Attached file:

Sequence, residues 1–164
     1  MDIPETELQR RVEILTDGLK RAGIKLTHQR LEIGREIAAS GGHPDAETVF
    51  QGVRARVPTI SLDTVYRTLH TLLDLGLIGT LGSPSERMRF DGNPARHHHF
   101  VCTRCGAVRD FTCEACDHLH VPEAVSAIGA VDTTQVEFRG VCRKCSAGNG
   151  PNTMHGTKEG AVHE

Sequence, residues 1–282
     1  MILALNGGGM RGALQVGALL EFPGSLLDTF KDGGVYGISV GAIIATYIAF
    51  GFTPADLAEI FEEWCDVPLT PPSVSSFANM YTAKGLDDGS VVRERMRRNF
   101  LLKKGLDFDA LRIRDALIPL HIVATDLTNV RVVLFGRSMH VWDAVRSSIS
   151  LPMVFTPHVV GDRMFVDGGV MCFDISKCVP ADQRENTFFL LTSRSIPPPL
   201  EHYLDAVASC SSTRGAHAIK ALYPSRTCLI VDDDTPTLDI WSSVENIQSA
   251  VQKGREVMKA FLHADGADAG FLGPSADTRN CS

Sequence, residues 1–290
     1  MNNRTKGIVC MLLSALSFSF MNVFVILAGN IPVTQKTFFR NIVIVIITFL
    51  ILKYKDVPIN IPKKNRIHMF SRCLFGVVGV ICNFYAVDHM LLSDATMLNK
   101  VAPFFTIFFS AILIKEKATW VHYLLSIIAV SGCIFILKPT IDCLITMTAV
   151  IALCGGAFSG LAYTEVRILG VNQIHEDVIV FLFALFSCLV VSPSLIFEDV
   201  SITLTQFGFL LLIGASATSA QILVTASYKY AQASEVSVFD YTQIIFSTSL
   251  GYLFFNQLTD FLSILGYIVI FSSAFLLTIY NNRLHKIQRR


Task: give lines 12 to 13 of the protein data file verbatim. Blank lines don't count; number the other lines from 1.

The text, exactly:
   251  VQKGREVMKA FLHADGADAG FLGPSADTRN CS

Sequence, residues 1–290